Contemporary dance in Israel has won international acclaim. Israeli choreographers, among them Ohad Naharin and Barak Marshall are considered among the most versatile and original international creators working today.
People come from all over Israel and many other nations for the annual dance festival in Karmiel, held in July. First held in 1987, the Karmiel Dance Festival is the largest celebration of dance in Israel, featuring three or four days and nights of dancing with 5,000 or more dancers and a quarter of a million spectators in the capital of the Galilee. Begun as an Israeli folk dance event, the festivities now include performances, workshops, and open dance sessions for a variety of dance forms and nationalities. Choreographer Yonatan Karmon created the Karmiel Dance Festival to continue the tradition of Gurit Kadman's Dalia Festival of Israeli dance, which ended in the 1960s.
Israeli folk dancing includes folk dances such as the Hora and dances that incorporate the Yemenite step. Israeli folk dance also includes Dabke which is a Middle Eastern dance of the Levant region (Israel, Lebanon, Syria) and is a common dance done by mainly the Arab population of Israel however is a most popular dance among Israeli youth. In Hebrew Dabke is known as דבקה "Dabka" which comes from the Arabic term meaning "stomping of feet". The Dance is well suited for bringing Israel-Arab culture together.
One of the pioneers of modern dance in Israel was Gertrud Kraus, who immigrated to Mandate Palestine in 1935 and formed a modern dance company affiliated with the Tel-Aviv Folk Opera. In 1950-1951, she founded the Israel Ballet Theatre, and became its artistic director. Contemporary dance in Israel is influenced by Israeli folk dance and European traditions. Dance companies include the Kibbutz Contemporary Dance Company, Inbal Dance Theater, Vertigo Dance Company, Bat-Dor Dance Company and Batsheva Dance Company.
In 2010, Silvia Duran, an Israeli flamenco dancer, was honored by King Juan Carlos I of Spain for training generations of flamenco dancers at her studio in Tel Aviv, The citation was awarded for her "contribution to the culture of Spain and the Spanish people.
The Karmiel Dance Festival has been a yearly event since 1987. The festival is usually held for 3 days and nights in July, and includes dance performances, workshops, and open dance sessions. The festival began as a celebration of Israeli folk dance, but today it features many different dance troupes, attracting thousands of dancers and hundreds of thousands of spectators from Israel and overseas. During the festival there are two major competitions: the Eyal ben Yehoshua choreography competition and a folk dance competition in memory of dancer Asheri Hever.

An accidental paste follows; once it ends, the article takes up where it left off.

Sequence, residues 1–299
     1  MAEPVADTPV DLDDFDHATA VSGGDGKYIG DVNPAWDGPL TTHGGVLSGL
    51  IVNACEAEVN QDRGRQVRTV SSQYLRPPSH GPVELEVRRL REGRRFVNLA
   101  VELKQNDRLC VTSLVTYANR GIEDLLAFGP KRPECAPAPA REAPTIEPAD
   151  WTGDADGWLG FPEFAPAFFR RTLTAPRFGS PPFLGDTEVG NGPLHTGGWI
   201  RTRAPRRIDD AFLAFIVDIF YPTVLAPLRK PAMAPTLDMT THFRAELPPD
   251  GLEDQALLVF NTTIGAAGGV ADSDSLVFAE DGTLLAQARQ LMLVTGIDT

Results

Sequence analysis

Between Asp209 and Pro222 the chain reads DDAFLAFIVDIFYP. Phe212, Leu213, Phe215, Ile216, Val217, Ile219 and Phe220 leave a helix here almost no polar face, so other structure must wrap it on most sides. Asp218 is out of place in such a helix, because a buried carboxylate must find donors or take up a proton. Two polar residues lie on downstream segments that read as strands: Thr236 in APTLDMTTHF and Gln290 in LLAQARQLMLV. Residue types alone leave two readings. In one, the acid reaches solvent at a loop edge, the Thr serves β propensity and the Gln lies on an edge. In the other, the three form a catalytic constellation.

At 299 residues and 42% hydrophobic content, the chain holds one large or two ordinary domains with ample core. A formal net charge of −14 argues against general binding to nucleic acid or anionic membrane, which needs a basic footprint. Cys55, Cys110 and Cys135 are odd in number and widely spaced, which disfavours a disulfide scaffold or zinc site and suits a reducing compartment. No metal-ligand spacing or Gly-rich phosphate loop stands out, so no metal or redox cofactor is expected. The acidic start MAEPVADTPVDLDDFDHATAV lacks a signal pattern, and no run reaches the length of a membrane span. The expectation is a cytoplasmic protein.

The Batsheva Dance Company is an internationally acclaimed dance company based in Tel Aviv. It was founded by Martha Graham and Baroness Batsheva De Rothschild in 1964. From its inception until 1979, the prima ballerina of Batsheva was Rina Schenfeld; she and Rena Gluck were the company's principal dancers for many years. Ohad Naharin has been artistic director since 1990.
The Bat-Dor Dance Company was an Israeli dance company co-founded by Baroness Batsheva de Rothschild and dancer Jeannette Ordman. Bat Dor made its debut in 1968 with Ordman as its leading dancer. The company existed until July 2006.
The Inbal Dance Theater focuses on the dance of ethnic communities in Israel, among them Yemenite Jews, Moroccan Jews, Iranian Jews and Kurdish Jews. The group is known for incorporating biblical themes and an ancient dance language into modern dance moves. The group was founded in 1949 by Sara Levi-Tanai, Jerusalem-born of a Yemenite family.
The Rina Schoenfeld Dance Theater, founded in 1978, developed an eclectic blend of Bauhaus ideology, theater, modern dance and ballet which used physical objects to "guide the imagination to places beyond dance."
The Israel Ballet, which performs classical and neo-classical ballets, was founded in 1967 by Berta Yampolsky and Hillel Markman. In 1975, the troupe performed George Balanchine's Serenade, bringing the company international acclaim. After watching a performance in New York, Balanchine granted the Israel Ballet permission to perform his works free of charge.
The Eshkol-Wachman Movement Notation is a notation system for recording movement on paper or computer screen created in Israel by dance theorist Noa Eshkol and Avraham Wachman, a professor of architecture at the Technion. The system is used in many fields, including dance, physical therapy, animal behavior and early diagnosis of autism.
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